The present invention accordingly provides—in accordance with a first aspect of the present invention—a process for producing particulate composite materials, in which, first of all, solid inorganically or organically based particle agglomerates or particle aggregates present in the dry state, more particularly in powder form, are comminuted in the gas phase (i.e., in a gaseous carrier medium or reaction medium) and in the presence of organically based matrix particles, with input of energy, and subsequently the resulting comminuted particles are dispersed in situ into the organically based matrix particles, being more particularly attached thereto and/or incorporated therein.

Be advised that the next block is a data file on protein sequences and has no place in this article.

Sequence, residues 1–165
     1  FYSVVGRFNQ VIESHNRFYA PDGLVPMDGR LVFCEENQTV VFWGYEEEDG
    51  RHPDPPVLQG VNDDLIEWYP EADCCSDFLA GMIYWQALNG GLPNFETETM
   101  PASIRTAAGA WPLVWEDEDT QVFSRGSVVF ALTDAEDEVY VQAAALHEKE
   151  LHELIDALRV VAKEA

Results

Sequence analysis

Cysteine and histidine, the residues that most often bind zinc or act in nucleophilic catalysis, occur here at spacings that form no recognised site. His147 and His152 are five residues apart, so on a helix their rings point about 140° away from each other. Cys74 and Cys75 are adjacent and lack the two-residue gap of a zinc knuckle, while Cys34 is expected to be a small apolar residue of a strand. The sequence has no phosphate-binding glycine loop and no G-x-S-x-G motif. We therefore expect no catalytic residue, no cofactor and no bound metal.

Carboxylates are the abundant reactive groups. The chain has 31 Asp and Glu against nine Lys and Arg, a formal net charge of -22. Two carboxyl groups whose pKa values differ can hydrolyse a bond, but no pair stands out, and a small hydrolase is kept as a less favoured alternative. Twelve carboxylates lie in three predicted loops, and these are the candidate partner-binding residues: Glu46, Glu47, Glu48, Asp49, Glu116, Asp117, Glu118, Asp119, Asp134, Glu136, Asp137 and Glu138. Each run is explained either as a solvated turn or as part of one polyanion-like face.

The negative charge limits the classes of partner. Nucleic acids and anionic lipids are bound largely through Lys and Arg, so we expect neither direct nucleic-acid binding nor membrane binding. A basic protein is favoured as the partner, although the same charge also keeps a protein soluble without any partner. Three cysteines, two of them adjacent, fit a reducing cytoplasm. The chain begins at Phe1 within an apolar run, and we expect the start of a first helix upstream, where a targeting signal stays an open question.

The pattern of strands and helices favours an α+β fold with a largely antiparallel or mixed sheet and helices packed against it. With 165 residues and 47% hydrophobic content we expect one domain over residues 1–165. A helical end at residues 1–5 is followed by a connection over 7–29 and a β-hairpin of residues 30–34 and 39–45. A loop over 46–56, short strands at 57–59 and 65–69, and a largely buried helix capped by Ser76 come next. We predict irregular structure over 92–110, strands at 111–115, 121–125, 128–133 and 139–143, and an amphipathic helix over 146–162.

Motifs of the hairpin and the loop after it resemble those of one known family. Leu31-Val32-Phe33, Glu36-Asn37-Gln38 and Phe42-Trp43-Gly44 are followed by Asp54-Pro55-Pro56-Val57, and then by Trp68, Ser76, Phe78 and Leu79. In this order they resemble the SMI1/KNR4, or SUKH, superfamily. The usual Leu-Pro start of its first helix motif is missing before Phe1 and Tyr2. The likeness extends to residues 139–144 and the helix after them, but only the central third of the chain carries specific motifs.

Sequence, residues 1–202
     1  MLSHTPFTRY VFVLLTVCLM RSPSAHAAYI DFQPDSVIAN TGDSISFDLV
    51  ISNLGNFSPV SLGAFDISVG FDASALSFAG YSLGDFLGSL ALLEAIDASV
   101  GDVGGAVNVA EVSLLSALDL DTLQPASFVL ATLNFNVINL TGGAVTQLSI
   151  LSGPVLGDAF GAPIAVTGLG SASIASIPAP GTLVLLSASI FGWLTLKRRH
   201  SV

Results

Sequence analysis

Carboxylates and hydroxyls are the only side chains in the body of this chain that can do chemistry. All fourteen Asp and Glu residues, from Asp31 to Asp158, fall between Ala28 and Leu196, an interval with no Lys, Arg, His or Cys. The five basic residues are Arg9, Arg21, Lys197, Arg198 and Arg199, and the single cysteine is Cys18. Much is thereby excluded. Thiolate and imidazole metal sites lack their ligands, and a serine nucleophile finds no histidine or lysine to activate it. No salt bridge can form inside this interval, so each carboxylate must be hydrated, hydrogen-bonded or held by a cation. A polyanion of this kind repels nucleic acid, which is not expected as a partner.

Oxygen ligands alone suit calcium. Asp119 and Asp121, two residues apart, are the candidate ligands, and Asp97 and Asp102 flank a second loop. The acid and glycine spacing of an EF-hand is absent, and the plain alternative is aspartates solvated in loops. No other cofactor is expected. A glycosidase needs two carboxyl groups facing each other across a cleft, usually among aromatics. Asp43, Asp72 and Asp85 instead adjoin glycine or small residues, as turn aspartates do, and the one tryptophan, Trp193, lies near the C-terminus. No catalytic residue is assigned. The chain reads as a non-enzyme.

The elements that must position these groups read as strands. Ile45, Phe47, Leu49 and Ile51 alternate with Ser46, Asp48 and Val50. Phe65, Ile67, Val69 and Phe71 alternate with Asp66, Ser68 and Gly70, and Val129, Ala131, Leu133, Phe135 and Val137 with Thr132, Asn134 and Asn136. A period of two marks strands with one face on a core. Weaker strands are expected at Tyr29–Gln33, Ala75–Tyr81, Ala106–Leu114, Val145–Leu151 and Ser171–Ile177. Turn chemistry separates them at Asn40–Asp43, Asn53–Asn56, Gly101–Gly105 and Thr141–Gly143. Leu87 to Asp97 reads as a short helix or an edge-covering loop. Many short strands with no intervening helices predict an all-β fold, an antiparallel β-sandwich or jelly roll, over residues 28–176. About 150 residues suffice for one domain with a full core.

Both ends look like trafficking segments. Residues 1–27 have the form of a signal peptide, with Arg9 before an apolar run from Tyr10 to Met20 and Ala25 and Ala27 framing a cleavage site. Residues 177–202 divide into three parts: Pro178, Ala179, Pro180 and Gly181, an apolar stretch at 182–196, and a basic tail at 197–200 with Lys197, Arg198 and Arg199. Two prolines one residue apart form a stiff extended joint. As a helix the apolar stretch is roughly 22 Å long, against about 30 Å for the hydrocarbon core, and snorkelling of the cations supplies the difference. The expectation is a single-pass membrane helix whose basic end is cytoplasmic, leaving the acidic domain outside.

The concept of the gas phase, for the purposes of the present invention, means that the solid particle agglomerates or aggregates (i.e., those present in the solid aggregate state) are transferred to a preferably inert, gaseous carrier medium or reaction medium (e.g., air, nitrogen-enriched air, nitrogen, etc.) (in the form, for example, of a fluid bed or of a fluidized bed, as described below), more particularly by “atomization” or “nozzle introduction” of the solid particle agglomerates or particle aggregates, after which they are then—as described above—comminuted in the gaseous carrier medium (“gas phase”) with input of energy, followed by dispersion in situ of the resulting comminuted particles into the likewise present and also solid (i.e., present in the solid aggregate state) organically based matrix particles, with the result overall of a dispersing operation in solid phase; the concept of the gas phase as used in the context of the present invention refers, therefore, not to the aggregate state of the particle agglomerates or aggregates or of the matrix particles (which are indeed both present in the solid aggregate state), but rather to the carrier medium in which the aforementioned operations (i.e., comminuting and dispersing) take place. In the context of the process of the invention, therefore, the inorganically or organically based particle agglomerates or particle aggregates used as starting materials are deagglomerated or deaggregated, respectively, to form smaller, stable nanoparticles or nanopowders and subsequently in situ—before reagglomeration or reaggregation can occur—are dispersed into the organically based matrix particles also present, at which point both attachment and incorporation take place.